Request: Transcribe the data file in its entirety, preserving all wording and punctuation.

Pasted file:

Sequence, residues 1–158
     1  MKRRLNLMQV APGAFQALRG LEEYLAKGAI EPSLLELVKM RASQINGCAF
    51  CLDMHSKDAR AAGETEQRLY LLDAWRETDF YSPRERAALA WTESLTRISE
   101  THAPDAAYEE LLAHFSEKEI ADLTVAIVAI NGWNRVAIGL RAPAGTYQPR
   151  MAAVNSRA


Sequence, residues 1–158
     1  MKRRLNLMQV APGAFQALRG LEEYLAKGAI EPSLLELVKM RASQINGCAF
    51  CLDMHSKDAR AAGETEQRLY LLDAWRETDF YSPRERAALA WTESLTRISE
   101  THAPDAAYEE LLAHFSEKEI ADLTVAIVAI NGWNRVAIGL RAPAGTYQPR
   151  MAAVNSRA